Home Up

Updated 29 August 2015



For the latest details contact:
Jayne Wadsworth


KCA Reliability Trial 27 October 2013

Photos from John Kavanagh

Lots more photos here... from Patrick on his Flickr account


What is Audax UK?
Audax United Kingdom (known as Audax UK or AUK) is the foremost long-distance cycling association in the UK, and the biggest in the world. It was established in 1976. AUK oversees the running of long-distance cycling events, and, using a system of timed checkpoints, validates and records every successful ride.

Can anybody ride Audax UK's events?
Although technically, AUK does not 'run' events - these are run by clubs or individuals under AUK's supervision.
When a non-member enters an event, there is a small additional fee over and above the usual entry fee, which gives the rider 'temporary membership' of AUK for the duration of the event. This is necessary for insurance reasons.

What does the word 'Audax' mean?
It's Latin for 'bold', and was first used in the context of endurance sports towards the end of the 19th century.

What do the words 'Randonnée' and 'Randonneur' mean?
'Randonnée' is a French word which loosely translates to 'ramble or 'long journey' - it's not really cycling-specific, but in AUK we take it to mean a long cycle ride.
A 'Randonneur' is a person who has completed a recognised 200 kilometre ride.

What does the word 'Brevet' mean?
It means 'certificate', more or less. So it's the card you carry, which gets stamped at controls and finally validated by AUK as proof of your ride.
The word is often also used to describe the event itself - ie, a certificated ride.

How long is 'long-distance'?
The 'classic' distances for AUK events are 200km, 300km, 400km and 600km. (200km is approximately 125 miles - kilometres are used because of AUK's close links with other similar organisations throughout the world, and particularly in France.) Most AUK events are either 200km or 100km.
However AUK aims to have something for everybody and events start from 50km (about 32 miles) and go all the way up to 1400km (about 875 miles), and even this is not the limit because there are set routes, known as 'Permanents', which span the length and breadth of the country and go up to 3200km.

How non-stop is 'non-stop'?
The maximum time allowed to complete the ride is measured from the time you set off, to the time you finish. There are no allowances for breaks, meals, rest, sleep or mechanical breakdown. So in practical terms this means you have to ride fast enough to generate your own time buffers, especially on the longer events where you will need to rest or even sleep for a while.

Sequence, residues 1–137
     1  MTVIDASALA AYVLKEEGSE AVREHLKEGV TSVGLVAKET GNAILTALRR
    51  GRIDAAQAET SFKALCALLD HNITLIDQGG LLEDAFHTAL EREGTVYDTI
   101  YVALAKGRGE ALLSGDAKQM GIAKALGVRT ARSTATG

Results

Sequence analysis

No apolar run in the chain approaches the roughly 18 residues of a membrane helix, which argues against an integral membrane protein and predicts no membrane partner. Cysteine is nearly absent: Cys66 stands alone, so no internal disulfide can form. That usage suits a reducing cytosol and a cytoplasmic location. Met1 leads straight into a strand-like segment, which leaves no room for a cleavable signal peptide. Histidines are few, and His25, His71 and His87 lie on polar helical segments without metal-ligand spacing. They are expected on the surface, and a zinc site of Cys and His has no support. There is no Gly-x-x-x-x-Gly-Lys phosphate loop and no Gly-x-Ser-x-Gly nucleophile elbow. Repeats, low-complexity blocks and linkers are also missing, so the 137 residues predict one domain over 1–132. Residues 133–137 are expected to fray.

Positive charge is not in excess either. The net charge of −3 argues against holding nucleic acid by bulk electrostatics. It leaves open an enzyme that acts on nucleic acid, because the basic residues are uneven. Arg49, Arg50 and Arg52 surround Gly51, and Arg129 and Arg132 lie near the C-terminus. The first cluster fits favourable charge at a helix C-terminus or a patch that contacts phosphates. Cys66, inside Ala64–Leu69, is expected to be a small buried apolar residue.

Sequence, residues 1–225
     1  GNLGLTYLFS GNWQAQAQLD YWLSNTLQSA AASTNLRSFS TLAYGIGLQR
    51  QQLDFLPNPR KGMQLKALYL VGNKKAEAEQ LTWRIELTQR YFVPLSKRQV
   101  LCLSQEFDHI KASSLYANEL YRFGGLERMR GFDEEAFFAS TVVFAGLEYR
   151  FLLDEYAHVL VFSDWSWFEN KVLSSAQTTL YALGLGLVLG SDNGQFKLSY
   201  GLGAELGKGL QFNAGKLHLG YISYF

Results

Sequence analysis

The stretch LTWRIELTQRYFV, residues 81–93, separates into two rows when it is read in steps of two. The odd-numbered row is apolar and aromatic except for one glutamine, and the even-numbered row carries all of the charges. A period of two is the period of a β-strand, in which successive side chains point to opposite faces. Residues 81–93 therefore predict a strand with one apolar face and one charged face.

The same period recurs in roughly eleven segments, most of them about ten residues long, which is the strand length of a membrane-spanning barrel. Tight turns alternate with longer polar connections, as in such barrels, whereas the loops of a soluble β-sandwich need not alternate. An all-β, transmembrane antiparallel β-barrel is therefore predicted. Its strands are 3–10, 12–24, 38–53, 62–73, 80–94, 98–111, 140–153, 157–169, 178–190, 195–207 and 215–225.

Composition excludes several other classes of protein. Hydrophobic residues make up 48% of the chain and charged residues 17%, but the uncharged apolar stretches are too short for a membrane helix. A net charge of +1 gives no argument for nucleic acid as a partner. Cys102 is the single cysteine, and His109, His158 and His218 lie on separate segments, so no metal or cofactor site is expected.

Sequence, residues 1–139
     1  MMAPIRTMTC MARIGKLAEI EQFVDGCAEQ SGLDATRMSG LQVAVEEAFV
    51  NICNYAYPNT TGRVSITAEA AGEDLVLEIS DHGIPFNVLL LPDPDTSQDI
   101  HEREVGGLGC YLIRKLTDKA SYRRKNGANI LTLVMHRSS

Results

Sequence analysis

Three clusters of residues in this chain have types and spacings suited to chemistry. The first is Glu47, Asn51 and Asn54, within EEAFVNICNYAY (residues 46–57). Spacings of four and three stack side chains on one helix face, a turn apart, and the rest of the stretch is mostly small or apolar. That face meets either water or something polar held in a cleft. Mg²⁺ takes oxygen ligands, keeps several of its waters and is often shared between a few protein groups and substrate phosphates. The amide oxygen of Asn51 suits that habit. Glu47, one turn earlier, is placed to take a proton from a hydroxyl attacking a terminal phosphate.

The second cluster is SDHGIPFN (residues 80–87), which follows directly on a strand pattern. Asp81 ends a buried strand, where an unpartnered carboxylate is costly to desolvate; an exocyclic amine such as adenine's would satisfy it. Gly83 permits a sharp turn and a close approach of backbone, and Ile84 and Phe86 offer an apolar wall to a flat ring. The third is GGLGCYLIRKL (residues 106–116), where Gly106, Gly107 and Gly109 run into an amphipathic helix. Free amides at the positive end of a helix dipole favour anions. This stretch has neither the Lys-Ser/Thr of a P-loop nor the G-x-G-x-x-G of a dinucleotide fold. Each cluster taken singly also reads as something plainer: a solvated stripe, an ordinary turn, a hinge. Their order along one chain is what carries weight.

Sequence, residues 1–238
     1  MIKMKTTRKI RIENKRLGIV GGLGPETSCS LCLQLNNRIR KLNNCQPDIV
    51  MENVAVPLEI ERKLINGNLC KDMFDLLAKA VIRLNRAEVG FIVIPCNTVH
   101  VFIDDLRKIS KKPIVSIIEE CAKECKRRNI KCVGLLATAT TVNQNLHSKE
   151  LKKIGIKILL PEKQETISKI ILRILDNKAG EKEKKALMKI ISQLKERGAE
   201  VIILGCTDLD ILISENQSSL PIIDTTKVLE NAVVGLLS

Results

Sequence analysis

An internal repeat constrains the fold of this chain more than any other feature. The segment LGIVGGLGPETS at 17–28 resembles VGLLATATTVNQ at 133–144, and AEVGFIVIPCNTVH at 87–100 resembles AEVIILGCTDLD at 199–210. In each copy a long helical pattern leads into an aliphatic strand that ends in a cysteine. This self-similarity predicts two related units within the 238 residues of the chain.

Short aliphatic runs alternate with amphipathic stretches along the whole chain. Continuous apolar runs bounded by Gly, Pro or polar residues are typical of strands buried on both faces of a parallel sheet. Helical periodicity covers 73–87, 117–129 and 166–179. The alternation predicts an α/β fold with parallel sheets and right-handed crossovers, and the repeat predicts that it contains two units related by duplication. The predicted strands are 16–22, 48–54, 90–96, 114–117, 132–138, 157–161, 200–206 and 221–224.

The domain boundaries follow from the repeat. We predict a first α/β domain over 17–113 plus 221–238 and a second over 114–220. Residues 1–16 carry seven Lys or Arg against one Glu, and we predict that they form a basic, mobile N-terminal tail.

This is not as tough as it may sound, as the maximum time limits are quite generous, with this in mind.

What are AUK events like?
They are NOT races. People ride them more in the spirit of an event like the London Marathon, everyone riding to their own limitations with the primary objective to just 'get round'. These events suit everyone, clubmen, time-trialists, recreational riders, cycletourists, 'born again' cyclists, young and old, male and female. And you'll see all sorts of machines - bikes, tandems, trikes, recumbents, and occasionally even stranger things ...
Size of entry varies greatly but is typically around 100 starters. Small local events may have just a handful of riders while a few popular events attract 200 starters or more.
The routes typically feature a few fast main roads and a lot of quiet, scenic lanes. Many events are quite hilly, some are extremely hilly, and even the flatter ones usually have one or two challenging climbs. Some events are noted for the quality of home-cooked food and tender loving care supplied along the way. But most are not - self-sufficiency is a highly-regarded quality in AUK.
On the same theme, 'support' - for example a following car - is very much frowned upon. There are maximum and minimum time limits, which are designed to suit everyone from the fittest of recreational riders, to more occasional riders who have plenty of determination. Each rider carries a 'brevet card' which is stamped at intermediate checkpoints and at the finish, and which is later returned to the rider as a certificate of their achievement.
The success rate on these events is very high - probably only about 10% fail to finish.

More information here...

 De Laune Cycling Club © 
Site designed and maintained by